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A standard problem in classical statistics is to find a good estimator that minimizes a given cost function under certain conditions. Normally we want to require the estimator $\hat\theta$ to be unbiased in every possible value of unknown parameters, that is $$ \mathrm{E}_{\boldsymbol{\theta }}^{(n)}\left[ \hat{\theta}\left( X^n \right) \right] :=\sum_{x^n\in \mathcal{X} ^n}{p_{\boldsymbol{\theta }}^{(n)}}\left( x^n \right) \hat{\theta}\left( x^n \right) =\theta $$ where $x^n$ is the experiment result for $n$ times. In eq(5) of this paper, the author states that we can get the following local unbiased condition by Taylor expanding the above conditions to be $$ \begin{array}{c} \mathrm{E}_{\boldsymbol{\theta }}^{(n)}\left[ \hat{\theta}\left( X^n \right) \right] =\sum_{x^n\in \mathcal{X} ^n}{p_{\boldsymbol{\theta }}^{(n)}}\left( x^n \right) \hat{\theta}\left( x^n \right) =\theta ,\\ \partial _{\theta}\mathrm{E}_{\boldsymbol{\theta }}^{(n)}\left[ \hat{\theta}\left( X^n \right) \right] =\sum_{x^n\in \mathcal{X} ^n}{\partial _{\theta}}p_{\boldsymbol{\theta }}^{(n)}\left( x^n \right) \hat{\theta}\left( x^n \right) =1,\\ \end{array} $$ But I'm not sure how can we do the Taylor expansion to get the second set of restrictions.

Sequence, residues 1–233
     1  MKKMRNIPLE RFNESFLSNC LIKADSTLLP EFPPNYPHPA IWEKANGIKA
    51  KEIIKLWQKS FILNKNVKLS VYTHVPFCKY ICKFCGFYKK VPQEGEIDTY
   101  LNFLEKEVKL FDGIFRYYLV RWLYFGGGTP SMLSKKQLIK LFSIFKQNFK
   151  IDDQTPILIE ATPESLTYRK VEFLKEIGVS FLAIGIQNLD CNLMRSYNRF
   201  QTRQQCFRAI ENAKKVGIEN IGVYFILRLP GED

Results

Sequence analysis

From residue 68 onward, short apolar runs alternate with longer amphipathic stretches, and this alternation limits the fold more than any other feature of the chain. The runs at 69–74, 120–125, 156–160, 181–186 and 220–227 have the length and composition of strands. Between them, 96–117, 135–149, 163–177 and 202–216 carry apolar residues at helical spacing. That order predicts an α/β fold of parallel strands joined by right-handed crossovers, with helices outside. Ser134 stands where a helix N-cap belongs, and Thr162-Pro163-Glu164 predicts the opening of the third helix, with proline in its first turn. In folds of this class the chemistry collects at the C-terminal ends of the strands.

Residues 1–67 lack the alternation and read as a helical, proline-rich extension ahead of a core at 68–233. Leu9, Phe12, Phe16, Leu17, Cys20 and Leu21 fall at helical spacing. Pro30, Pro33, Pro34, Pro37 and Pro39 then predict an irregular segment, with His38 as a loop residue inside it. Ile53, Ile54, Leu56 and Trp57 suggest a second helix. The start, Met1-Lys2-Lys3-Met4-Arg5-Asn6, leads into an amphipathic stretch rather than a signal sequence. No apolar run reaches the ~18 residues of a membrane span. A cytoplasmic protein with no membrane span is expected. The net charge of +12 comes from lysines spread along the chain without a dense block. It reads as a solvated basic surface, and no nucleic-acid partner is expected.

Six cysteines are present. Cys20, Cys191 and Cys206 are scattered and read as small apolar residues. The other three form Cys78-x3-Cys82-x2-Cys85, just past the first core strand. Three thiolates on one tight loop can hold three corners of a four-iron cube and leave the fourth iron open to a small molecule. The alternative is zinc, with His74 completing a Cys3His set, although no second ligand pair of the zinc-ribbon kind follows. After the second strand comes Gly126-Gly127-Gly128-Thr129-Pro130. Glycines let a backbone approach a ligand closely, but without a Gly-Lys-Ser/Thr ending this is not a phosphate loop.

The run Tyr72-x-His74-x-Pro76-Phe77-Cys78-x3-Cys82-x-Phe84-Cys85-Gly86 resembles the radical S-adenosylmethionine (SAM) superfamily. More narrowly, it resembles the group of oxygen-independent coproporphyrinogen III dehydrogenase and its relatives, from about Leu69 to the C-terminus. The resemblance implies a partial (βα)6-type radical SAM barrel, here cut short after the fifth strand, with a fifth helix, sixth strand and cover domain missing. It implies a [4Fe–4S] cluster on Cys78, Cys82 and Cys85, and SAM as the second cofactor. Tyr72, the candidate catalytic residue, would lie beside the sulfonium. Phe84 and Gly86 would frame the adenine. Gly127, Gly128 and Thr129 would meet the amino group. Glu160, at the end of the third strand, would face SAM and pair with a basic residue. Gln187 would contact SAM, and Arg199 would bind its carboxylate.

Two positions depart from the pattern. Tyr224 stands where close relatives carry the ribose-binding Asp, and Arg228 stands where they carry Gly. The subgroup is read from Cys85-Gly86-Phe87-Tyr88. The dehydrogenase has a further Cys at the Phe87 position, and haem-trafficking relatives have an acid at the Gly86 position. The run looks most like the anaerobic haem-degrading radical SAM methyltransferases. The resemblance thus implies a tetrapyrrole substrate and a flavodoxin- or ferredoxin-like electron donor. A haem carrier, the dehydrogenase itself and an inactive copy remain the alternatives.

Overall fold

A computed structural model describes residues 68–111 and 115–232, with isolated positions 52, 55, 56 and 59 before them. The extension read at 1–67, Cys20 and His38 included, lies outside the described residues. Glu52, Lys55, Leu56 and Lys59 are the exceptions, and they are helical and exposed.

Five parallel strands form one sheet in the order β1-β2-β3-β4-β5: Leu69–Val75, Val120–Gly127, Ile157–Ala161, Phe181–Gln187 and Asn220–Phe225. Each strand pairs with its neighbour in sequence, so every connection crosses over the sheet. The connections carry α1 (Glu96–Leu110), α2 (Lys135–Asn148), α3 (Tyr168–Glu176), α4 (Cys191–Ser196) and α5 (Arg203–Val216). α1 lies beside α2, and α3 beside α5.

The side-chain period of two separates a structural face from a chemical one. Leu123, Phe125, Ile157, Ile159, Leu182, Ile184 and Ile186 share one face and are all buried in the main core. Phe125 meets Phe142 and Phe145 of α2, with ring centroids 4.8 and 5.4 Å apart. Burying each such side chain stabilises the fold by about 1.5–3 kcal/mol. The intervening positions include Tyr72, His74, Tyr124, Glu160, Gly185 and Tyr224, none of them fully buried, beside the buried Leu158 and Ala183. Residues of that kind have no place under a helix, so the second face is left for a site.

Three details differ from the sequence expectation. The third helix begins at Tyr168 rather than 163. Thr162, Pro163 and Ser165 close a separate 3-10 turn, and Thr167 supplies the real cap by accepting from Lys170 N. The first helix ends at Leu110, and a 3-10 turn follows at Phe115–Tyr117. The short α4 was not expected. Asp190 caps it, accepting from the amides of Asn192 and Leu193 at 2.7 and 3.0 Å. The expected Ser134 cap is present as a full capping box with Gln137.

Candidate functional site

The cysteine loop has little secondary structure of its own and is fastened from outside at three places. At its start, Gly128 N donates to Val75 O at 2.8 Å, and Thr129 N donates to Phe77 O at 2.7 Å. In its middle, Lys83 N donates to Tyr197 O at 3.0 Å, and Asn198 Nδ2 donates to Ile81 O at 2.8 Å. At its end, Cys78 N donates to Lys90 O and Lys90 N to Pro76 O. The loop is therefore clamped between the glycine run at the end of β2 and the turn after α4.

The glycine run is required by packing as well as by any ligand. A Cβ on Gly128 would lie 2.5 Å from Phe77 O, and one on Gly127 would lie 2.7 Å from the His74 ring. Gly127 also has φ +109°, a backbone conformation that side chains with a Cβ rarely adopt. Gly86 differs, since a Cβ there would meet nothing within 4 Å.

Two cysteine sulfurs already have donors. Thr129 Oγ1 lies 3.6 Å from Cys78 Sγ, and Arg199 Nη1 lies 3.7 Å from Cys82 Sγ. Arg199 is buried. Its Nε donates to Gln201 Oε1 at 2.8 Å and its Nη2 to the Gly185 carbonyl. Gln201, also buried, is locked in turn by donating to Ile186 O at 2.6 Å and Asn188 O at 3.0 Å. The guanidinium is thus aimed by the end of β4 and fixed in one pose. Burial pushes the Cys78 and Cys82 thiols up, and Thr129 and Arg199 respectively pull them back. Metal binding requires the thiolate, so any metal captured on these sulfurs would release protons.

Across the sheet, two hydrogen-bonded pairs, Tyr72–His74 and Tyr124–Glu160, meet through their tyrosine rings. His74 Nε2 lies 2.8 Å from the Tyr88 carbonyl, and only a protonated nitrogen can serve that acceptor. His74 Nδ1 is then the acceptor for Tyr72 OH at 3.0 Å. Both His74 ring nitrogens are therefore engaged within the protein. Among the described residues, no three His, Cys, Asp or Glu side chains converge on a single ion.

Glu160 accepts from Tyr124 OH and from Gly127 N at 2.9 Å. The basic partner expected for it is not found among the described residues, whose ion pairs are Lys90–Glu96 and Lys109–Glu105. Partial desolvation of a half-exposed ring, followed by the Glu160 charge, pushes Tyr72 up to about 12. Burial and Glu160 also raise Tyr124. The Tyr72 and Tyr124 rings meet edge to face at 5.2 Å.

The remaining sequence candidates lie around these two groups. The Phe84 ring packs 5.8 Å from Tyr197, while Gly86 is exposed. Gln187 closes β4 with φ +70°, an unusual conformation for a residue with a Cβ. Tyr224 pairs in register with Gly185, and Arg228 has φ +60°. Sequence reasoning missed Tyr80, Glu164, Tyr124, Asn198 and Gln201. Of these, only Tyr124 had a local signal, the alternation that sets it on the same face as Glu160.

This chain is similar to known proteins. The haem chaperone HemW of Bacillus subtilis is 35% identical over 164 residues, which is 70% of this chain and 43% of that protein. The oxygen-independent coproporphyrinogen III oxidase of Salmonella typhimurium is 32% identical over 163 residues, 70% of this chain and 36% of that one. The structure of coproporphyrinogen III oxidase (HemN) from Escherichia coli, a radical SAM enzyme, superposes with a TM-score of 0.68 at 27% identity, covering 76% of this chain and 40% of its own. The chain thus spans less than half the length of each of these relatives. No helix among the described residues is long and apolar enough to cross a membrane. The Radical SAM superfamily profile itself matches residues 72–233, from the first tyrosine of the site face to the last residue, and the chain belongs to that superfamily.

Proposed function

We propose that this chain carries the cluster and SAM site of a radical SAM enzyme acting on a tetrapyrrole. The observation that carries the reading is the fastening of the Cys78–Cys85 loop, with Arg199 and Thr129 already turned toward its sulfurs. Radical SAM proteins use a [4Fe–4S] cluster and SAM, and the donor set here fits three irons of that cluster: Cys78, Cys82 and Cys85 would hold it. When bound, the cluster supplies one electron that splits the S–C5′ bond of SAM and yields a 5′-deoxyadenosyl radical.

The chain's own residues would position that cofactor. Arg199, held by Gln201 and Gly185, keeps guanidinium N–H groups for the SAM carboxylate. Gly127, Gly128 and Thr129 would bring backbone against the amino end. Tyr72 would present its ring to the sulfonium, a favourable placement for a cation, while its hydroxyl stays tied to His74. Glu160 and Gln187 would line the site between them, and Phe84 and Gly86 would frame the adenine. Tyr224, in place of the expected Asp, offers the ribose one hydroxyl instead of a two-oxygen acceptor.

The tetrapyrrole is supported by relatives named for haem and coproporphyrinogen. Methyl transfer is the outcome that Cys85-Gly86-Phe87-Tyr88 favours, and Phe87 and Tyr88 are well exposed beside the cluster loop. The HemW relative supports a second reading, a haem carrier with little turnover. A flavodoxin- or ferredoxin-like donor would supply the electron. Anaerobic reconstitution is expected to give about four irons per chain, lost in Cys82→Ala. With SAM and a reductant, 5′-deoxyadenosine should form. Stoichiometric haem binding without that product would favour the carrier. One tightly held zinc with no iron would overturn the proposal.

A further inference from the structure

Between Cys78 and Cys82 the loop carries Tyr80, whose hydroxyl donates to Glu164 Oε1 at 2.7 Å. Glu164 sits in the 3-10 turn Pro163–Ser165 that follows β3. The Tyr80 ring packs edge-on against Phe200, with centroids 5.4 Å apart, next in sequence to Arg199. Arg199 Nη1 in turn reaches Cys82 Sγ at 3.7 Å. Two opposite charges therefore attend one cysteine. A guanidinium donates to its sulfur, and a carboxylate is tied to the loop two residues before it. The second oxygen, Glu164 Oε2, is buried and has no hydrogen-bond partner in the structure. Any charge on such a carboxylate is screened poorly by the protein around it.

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Work on local unbiasedness was done back in the 50s. The most prominent and accessible work $[\rm I]$ is due to Fraser.

First, understand the definition: $h(\mathbf x) $ is locally unbiased at $\boldsymbol\theta_0$ if

\begin{align}\mathbb E[h(\mathbf x) \mid \boldsymbol\theta_0]&=\boldsymbol\theta_0,\tag{LU-1}\label 2\\ \frac{\partial}{\partial\boldsymbol\theta_0}\mathbb E[h(\mathbf x) \mid \boldsymbol\theta_0]&=\mathbf I. \tag{LU-2}\label 1\end{align}

A globally-unbiased estimator satisfies the conditions for every $\boldsymbol\theta_0.$ Implicit assumption is the basic regularity condition: the support should not depend on $\boldsymbol\theta$ at $\boldsymbol\theta_0$ and interchange of derivative and integral is valid.

For simplicity consider one-dimensional parameter $\theta.$ Then $h(\mathbf x) $ is unbiased locally at $\theta_0$ if $\eqref{2}, \eqref{1}$ hold. But this just implies $$\mathbb E[h(\mathbf x) \mid \theta]=\theta_0+(\theta-\theta_0)+o(\theta-\theta_0).$$

Can you now be able to connect to and show your result?

By expanding the log-likelihood at nhood of $\theta_0, $ and using a minimal-sufficient statistic based on it, one can construct using the CR-bound a local-unbiased estimator.


Reference:

$\rm [I]$ On Local Unbiased Estimation, D. A. S. Fraser, Journal of the Royal Statistical Society. Series B (Methodological), Vol. $26,$ No. $1,~ (1964),$ pp.$ 46-51.$

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The way that I understand how the local unbiased condition is obtained from the global unbiased condition can well be shown in the following picture enter image description here

where the horizontal axis means the true value $\theta$ and the vertical axis means the expectation value of the estimator $\hat \theta$. The mean value of our estimator should be exactly the true value at the true value point($1/2$ in the picture) and the first derivative of the red curve should have the same slope as the blue one in the true value point.

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